i) Ideal forces will be determined experimentally by attaching the strain gauge to a methacrylate polymer cube in line with the cable near the terminal end. Various weights ranging from approximately 50g to 850 grams will be hung from the opposite end of the cable to simulate the force a toddler would apply to the prosthetic device. The voltages produced by the strain gauge will be recorded which will allow us to calibrate the strain gauge to determine the ideal voltage ranges.
3) Strain Gauge Specifications
a) Strain gauges from Vishay, Appendix C.
i) Pattern: 015DJ
ii) Gauge Series: EA (strain range: +/- 3%)
iii) Dimensions: Gauge Length: 0.38mm, Overall Length: 2.54mm, Grid Length: 0.51mm, Overall Width: 0.51mm, Matrix Length: 5.8mm, Matrix Width: 3.0mm
b. Programming Component
1) Circuit board will be constructed in order to activate the correct sound chip according to the voltage measured from the strain gauge.
a) Analogue to Digital Converter- first the voltage signal from the strain gauge will be converted from an analogue signal to a digital signal
i) AD557JN will be used.
b) The main design of the board will include a combination of a FPGA Altera MAX EPM7128S chip, which will be programmed using Quartus software to lay out the digital gates and an analog to digital converter.
i) Gate 1: activated by lower threshold tolerances and will activate sound chip A.
ii) Gate 2: activated by target (ideal) voltage range and will activate sound chip B
iii) Gate 3: activated by upper threshold tolerances and will activate sound Chip C.
c) Circuit board and sound chips will be powered by a 9V battery.
d) Plan of Implementation
e) LabVIEW simulation of how the Pediatric Trainer device will function. The block diagram models how the FPGA chip should be programmed.LabVIEW pic.doc
f) The above screen shot is a rough idea of what we need/want to program our FPGA chip. The FPGA Altera MAX EPM7128S chip will be programmed using VHDL language and Quartus software.
c. Sound Modules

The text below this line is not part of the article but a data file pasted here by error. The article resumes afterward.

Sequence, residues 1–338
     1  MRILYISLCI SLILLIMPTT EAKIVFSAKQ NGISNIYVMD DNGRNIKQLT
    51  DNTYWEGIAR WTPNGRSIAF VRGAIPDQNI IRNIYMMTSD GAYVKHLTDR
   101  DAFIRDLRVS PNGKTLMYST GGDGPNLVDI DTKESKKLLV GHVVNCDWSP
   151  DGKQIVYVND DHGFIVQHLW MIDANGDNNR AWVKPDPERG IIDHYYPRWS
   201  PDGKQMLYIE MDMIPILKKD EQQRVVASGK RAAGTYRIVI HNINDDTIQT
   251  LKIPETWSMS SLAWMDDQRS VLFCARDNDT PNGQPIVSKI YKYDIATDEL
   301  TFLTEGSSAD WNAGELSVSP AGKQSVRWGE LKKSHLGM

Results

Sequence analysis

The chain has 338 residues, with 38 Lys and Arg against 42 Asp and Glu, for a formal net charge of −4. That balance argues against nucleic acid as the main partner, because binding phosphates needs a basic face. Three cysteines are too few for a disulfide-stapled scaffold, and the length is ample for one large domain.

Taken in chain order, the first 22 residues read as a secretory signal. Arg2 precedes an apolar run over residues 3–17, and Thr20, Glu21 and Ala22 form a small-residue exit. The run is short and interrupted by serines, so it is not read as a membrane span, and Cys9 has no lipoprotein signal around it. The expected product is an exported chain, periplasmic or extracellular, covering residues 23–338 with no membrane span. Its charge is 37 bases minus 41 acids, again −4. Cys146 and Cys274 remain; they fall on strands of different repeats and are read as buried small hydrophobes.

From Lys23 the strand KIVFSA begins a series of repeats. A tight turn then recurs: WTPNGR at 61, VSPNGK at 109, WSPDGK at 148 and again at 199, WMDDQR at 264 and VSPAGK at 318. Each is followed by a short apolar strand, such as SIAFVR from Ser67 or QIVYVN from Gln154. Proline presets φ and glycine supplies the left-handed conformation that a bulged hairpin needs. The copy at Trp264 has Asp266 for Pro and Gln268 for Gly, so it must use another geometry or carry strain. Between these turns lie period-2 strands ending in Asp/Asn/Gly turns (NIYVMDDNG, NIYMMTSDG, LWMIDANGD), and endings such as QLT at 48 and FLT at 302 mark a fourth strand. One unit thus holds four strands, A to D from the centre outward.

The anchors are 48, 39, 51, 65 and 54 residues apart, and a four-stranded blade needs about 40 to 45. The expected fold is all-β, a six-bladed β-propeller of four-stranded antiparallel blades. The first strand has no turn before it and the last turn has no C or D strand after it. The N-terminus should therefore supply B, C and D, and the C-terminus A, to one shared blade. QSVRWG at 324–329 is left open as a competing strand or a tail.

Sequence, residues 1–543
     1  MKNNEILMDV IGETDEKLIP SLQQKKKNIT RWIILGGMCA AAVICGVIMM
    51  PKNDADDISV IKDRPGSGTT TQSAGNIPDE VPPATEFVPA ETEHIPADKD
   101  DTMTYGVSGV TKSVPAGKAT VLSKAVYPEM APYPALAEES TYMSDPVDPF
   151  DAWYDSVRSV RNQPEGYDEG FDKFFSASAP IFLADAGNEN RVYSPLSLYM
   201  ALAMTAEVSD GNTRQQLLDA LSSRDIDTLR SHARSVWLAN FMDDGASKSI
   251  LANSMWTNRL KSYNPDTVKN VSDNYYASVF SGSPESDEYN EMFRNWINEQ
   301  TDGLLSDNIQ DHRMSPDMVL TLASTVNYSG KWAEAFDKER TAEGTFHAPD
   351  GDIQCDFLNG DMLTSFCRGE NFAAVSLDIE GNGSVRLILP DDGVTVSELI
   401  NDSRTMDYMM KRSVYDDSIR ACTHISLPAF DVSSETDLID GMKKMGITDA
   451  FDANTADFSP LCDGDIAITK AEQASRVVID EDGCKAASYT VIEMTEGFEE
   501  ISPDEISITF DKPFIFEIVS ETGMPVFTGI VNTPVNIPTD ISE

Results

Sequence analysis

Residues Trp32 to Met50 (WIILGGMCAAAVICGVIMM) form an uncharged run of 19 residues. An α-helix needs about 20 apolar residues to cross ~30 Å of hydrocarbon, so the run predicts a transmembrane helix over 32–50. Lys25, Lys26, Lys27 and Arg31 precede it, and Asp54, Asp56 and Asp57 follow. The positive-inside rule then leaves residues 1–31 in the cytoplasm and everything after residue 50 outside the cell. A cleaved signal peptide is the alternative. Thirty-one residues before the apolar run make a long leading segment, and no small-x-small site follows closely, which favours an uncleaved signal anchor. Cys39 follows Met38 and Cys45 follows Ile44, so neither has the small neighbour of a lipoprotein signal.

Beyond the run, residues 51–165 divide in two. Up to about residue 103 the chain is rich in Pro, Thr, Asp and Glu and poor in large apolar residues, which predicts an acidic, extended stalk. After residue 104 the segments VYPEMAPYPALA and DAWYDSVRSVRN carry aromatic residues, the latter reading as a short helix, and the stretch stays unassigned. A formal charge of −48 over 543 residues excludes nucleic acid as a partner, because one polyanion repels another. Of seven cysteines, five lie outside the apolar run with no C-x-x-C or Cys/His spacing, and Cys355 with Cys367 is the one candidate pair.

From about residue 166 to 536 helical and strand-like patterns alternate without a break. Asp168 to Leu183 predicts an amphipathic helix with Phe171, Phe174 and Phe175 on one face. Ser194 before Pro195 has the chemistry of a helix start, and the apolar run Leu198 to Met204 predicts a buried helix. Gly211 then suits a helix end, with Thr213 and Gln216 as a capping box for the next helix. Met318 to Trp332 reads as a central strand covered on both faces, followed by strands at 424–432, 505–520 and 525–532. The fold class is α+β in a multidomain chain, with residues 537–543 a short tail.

1) Three TAS recordable sound modules will be used to play predetermined verbal recordings according to the measured tension.
a) Chip A - If tension measured is above the lower limit but below the target tension range, then sound chip A will be triggered and an encouraging sound will play
b) Chip B - If tension measured is within target tension range, then sound chip B will be triggered and a “reward” sound will play
c) Chip C - If tension measured is between the target tension range and the upper limit then sound chip C will be triggered and a discouraging sound will play
2) TAS recordable sound module from AGC sound:
TAS-10C-Recordable Module-This module is ideal for prototyping. Up to 10 second message can be recorded. The diameter is 1 1/4" (3.2cm) and the height is 5/8" (1.6cm)
Required voltage needed: 4.5 V 3.0 – 1.5 V batteries
Expected voice output is ~ 50 decibels (dB)
C. Housing Unit
1. The ideal dimensions of the entire housed device will be approximately 4.0cm x 6.0cm x 2.0cm.
2. The ideal maximum weight will be approximately 20-40% of the total prosthetic device weight. The approximate weight of a pediatric prosthetic device for a toddler is 10 oz; therefore the approximate weight of the add-on will be 2-4 oz.
3. The circuit board will be mounted inside a protective polycarbonate plastic casing. This box will be mounted on a sheet of 1.0 cm thick memory foam to conform to the surface of the prosthetic device.
4. This device will be attached to the prosthetic arm using a Velcro wristband.